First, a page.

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Commentary: FSH and various forms of FSH receptors: distribution and their functions in gonads and extra-gonadal tissues

The Original Article was published on 30 October 2021

The Original Article was published on 30 October 2021

FSH is central to reproduction and regulates ovarian production of steroid hormones which in turn regulate endometrial growth/receptivity/regeneration/remodeling. However, these well defined boundaries of the 70s and 80s are now blurring with steroid hormone receptors being reported in the hematopoietic system and FSHR on several extragonadal sites including cancers in multiple tissues [1], and in the endometrium, myometrium, cervix, and placental [2] and hematopoietic system [3, 4]. Female patients being subjected to FSH therapy for stimulating their ovaries show effective mobilization of stem cells in their peripheral blood [5].

Bhartiya’s group reported that FSH treatment enhanced hematopoiesis in the bone marrow by almost 72 h in 5-FU treated mice [6]. How does FSH exerts its pleiotropic effects? What is the significance of FSHR3 and how significant it is functionally compared to the canonical FSHR1? Ovarian cancer cells do not exhibit cAMP signaling upon treatment with FSH [7].

Ratajczak and Bhartiya groups have published data to show FSHR expression on very-small embryonic-like stem cells (VSCLs) [4, 8] in reproductive tissues and surprisingly FSH treatment upregulated alternately spliced FSHR3 more significantly compared to the canonical FSHR1. Similarly, Sullivan et al. [9] reported FSHR3 to be the predominant isoform in sheep ovaries. It did not come as a surprise to see a special issue focused on different facets of FSH/FSHR biology published in 2020 wherein experts raised several concerns regarding extragonadal expression of FSHR [10]. They doubt the results and think these to be due to technical shortfalls [11].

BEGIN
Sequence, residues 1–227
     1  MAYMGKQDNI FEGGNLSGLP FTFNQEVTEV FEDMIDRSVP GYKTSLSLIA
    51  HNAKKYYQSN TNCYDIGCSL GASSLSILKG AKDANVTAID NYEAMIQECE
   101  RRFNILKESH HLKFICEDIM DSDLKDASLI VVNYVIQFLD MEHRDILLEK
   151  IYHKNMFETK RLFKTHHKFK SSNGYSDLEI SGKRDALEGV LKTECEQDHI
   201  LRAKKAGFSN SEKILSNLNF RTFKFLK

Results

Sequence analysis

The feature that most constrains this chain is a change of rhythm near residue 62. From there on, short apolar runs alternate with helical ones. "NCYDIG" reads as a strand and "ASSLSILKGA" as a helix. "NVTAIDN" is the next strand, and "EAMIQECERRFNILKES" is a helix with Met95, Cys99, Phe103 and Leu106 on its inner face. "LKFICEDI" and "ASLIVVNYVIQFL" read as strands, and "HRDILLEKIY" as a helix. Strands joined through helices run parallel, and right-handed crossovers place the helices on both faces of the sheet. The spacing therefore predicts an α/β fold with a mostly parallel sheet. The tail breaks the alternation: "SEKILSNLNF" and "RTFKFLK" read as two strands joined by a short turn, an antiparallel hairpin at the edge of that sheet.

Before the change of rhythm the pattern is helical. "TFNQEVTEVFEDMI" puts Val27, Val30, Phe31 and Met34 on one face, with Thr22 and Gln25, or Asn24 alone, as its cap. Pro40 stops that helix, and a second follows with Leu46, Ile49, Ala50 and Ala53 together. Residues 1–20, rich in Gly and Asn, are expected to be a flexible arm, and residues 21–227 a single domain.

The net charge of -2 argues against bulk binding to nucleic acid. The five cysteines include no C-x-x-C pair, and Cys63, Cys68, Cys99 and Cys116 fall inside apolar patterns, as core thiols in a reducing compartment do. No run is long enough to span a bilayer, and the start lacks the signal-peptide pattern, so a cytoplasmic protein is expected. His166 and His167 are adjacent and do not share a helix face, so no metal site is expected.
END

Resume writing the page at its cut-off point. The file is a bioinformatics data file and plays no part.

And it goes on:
Currently held belief written in golden letters in reproductive biology textbooks is the fact that initial follicle growth is gonadotropin independent and FSHR are not expressed on primordial follicles and that FSH acts on granulosa cells in the ovaries and Sertoli cells in the testes [12].

Bhartiya’s group points this as a ‘misconcept’ and points out this discrepancy has surfaced because of initial studies used only FSHR1 specific primers to detect FSHR in various types of follicles which will not detect FSHR3.

We are pleased to publish two review articles in the Journal of Ovarian Research on FSH/FSHR biology authored by Bhartiya’s group from ICMR-National Institute for Research in Reproductive Health, Mumbai, INDIA. The group has attempted to provide explanation to various concerns raised by Rahman’s group [11]. Since these articles question several basic existing paradigms in the field of reproductive biology including ovarian biology, further discussions and comments will be welcome and we will be pleased to publish in JOVR.


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This work was supported by NIH grant T32 HL134644 to SSK and MZR.

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Both SSK and MZR reviewed the both the review articles published by Dr. Bhartiya in the Journal of Ovarian Research and wrote the commentary. The author(s) read and approved the final manuscript.

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Correspondence to Sham S. Kakar.

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Kakar, S.S., Ratajczak, M.Z. Commentary: FSH and various forms of FSH receptors: distribution and their functions in gonads and extra-gonadal tissues. J Ovarian Res 14, 146 (2021).

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